REAL GOODS SOLAR, INC.

 

Annual Report on Form 10-K

 

For the Fiscal Year Ended December 31, 2018

 

INDEX

 

  Page
Number
PART I    
Item 1. Business 4
Item 1A. Risk Factors 10
Item 1B. Unresolved Staff Comments 19
Item 2. Properties 19
Item 3. Legal Proceedings 19
Item 4. Mine Safety Disclosures 19
     
PART II    
Item 5. Market for Registrant’s Common Equity, Related Stockholder Matters and Issuer Purchases of Equity Securities 19
Item 6. Selected Consolidated Financial Data 20
Item 7. Management’s Discussion and Analysis of Financial Condition and Results of Operations 20
Item 7A. Quantitative and Qualitative Disclosures About Market Risk 29
Item 8. Financial Statements 30
Item 9. Changes in and Disagreements with Accountants on Accounting and Financial Disclosure 55
Item 9A. Controls and Procedures 55
Item 9B. Other Information 55
     
PART III    
Item 10. Directors, Executive Officers and Corporate Governance 56
Item 11. Executive Compensation 59
Item 12. Security Ownership of Certain Beneficial Owners and Management and Related Stockholder Matters 64
Item 13. Certain Relationships and Related Transactions, and Director Independence 65
Item 14. Principal Accountant Fees and Services 66
     
PART IV    
Item 15. Exhibits and Financial Statement Schedules 67
Item 16. Form 10-K Summary 74
   
SIGNATURES 75

 

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CAUTIONARY STATEMENT REGARDING FORWARD-LOOKING STATEMENTS

 

This Annual Report on Form 10-K contains forward-looking statements within the meaning of the U.S. Private Securities Litigation Reform Act of 1995 that involve risks and uncertainties, including statements regarding the Company’s results of operations and financial positions, and the Company’s business and financial strategies. Forward-looking statements are neither historical facts nor assurances of future performance. Instead, they provide our current beliefs, expectations, assumptions and forecasts about future events, and include statements regarding our future results of operations and financial position, business strategy, budgets, projected costs, plans and objectives of management for future operations. The words “anticipate,” “believe,” “plan,” “estimate,” “expect,” “future,” “intend,” “strategy,” “likely,” “seek,” “may,” “will” and similar expressions as they relate to us are intended to identify such forward-looking statements. Because forward-looking statements relate to the future, they are subject to inherent uncertainties, risks and changes in circumstances that are difficult to predict and many of which are outside of our control. Our actual results and financial condition may differ materially from those indicated in the forward-looking statements. Therefore, you should not rely on any of these forward-looking statements.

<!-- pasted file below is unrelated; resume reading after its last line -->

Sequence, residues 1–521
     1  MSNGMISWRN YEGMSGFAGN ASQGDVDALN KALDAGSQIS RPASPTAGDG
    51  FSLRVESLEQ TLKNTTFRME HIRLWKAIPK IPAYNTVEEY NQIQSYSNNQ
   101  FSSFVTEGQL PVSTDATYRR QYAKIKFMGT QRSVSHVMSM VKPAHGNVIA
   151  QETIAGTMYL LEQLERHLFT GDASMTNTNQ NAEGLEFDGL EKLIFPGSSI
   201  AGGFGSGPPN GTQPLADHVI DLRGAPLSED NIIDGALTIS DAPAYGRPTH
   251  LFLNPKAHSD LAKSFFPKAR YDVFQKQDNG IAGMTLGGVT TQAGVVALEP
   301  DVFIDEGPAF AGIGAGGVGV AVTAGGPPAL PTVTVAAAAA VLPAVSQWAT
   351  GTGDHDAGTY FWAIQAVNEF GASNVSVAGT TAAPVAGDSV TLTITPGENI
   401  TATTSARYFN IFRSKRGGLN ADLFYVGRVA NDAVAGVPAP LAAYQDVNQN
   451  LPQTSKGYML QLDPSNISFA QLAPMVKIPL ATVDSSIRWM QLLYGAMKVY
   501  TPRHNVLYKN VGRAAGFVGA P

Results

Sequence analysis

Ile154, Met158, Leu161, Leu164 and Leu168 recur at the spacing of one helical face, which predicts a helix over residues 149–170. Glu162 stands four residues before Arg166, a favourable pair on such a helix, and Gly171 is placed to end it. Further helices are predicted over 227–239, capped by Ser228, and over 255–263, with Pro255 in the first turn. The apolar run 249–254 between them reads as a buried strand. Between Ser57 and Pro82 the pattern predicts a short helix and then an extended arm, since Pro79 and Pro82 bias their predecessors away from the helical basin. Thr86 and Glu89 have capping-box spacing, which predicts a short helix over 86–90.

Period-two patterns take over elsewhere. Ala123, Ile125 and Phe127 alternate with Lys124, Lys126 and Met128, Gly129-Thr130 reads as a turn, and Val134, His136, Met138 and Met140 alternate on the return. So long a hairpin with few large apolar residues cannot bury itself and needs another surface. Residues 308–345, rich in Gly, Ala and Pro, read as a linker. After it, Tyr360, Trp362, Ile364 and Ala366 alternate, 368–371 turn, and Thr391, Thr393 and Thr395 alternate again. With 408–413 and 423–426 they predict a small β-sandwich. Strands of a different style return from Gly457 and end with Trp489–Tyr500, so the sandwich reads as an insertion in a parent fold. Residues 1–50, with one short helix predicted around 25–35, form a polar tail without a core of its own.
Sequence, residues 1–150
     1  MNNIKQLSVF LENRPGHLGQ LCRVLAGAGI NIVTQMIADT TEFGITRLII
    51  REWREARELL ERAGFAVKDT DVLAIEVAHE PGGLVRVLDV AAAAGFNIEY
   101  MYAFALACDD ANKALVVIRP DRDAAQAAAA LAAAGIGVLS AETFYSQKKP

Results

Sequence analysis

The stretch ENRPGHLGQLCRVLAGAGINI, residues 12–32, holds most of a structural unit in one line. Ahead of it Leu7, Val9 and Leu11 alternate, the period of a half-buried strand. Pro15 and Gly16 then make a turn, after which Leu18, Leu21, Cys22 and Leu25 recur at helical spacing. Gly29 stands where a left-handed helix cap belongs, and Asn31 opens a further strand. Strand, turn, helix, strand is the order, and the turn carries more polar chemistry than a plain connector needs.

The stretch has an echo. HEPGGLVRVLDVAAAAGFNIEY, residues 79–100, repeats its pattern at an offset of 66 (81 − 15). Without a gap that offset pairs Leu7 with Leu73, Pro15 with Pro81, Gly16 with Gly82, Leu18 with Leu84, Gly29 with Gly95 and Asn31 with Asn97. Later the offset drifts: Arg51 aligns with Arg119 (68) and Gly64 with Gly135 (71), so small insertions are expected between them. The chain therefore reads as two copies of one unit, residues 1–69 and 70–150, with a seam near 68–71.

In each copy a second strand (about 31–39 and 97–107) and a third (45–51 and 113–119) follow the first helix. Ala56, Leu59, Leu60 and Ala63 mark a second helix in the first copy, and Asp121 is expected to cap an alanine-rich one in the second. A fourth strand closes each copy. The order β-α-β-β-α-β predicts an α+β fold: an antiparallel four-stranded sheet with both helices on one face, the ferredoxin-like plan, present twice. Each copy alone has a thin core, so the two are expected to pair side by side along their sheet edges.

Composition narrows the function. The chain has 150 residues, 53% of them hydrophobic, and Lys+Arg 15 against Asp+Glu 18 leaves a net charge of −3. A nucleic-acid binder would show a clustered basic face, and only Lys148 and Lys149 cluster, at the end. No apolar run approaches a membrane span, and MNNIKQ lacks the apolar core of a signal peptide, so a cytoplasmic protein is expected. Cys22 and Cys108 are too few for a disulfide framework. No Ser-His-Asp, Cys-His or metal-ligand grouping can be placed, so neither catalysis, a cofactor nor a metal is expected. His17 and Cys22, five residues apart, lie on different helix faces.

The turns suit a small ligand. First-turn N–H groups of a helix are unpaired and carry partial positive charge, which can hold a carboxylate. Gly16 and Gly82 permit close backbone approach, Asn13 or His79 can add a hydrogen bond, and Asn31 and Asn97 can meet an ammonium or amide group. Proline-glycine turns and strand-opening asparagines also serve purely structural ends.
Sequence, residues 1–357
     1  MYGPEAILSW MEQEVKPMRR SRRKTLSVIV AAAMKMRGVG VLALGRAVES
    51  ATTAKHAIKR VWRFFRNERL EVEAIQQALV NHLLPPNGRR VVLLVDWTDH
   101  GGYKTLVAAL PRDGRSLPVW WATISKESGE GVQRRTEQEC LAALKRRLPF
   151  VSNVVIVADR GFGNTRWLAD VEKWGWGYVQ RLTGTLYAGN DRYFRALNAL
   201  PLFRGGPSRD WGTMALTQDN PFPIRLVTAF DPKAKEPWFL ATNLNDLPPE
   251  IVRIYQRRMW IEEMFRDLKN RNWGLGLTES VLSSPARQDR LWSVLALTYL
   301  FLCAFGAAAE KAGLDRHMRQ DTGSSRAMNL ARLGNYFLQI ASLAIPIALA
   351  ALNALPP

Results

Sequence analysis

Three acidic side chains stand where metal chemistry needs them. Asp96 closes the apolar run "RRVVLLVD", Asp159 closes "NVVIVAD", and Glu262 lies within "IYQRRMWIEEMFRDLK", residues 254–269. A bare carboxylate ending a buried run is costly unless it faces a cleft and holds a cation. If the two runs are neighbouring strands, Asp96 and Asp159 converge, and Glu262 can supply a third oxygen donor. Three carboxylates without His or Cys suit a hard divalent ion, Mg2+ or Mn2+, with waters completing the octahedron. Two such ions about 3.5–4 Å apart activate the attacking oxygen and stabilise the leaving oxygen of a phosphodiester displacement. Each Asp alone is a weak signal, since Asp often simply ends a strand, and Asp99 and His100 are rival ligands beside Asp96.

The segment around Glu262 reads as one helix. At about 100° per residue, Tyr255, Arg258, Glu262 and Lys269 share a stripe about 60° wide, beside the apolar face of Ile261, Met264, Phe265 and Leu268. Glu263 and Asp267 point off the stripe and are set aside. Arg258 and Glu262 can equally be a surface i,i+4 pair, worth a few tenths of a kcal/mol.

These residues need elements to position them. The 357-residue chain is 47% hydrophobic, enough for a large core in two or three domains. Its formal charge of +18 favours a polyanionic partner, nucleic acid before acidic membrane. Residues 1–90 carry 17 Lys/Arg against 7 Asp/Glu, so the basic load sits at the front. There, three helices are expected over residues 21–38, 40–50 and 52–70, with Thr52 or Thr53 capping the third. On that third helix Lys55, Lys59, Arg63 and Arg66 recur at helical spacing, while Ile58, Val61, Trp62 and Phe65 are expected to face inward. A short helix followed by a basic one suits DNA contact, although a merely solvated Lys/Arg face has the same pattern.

Important factors that could cause our actual results and financial condition to differ materially from those indicated in the forward-looking statements include, without limitation, the factors discussed throughout Part I, Item 1A, Risk Factors and Part II, Item 7, Management’s Discussion and Analysis of Financial Conditions and Results of Operations of this Annual Report on Form 10-K.

 

Any forward-looking statement made by us in this Annual Report on Form 10-K is based only on information currently available to us and speaks only as of the date on which it is made. We undertake no obligation to publicly update any forward-looking statement, whether written or oral, that may be made from time to time, whether as a result of new information, future developments or otherwise, except as required by applicable law.

 

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Part I

 

Item 1. Business.

 

Overview

 

RGS Energy and its subsidiaries (“RGS”, “we,” “us,” or the “Company”) have provided solar energy systems to homeowners, and commercial building owners in the United States since 1978. We believe that solar energy adoption is still in the early stages and will continue to increase as utility rates rise and customers become more knowledgeable about the savings clean and sustainable solar energy can deliver. RGS and our predecessors have installed over 26,000 solar energy systems across the continental United States and Hawaii.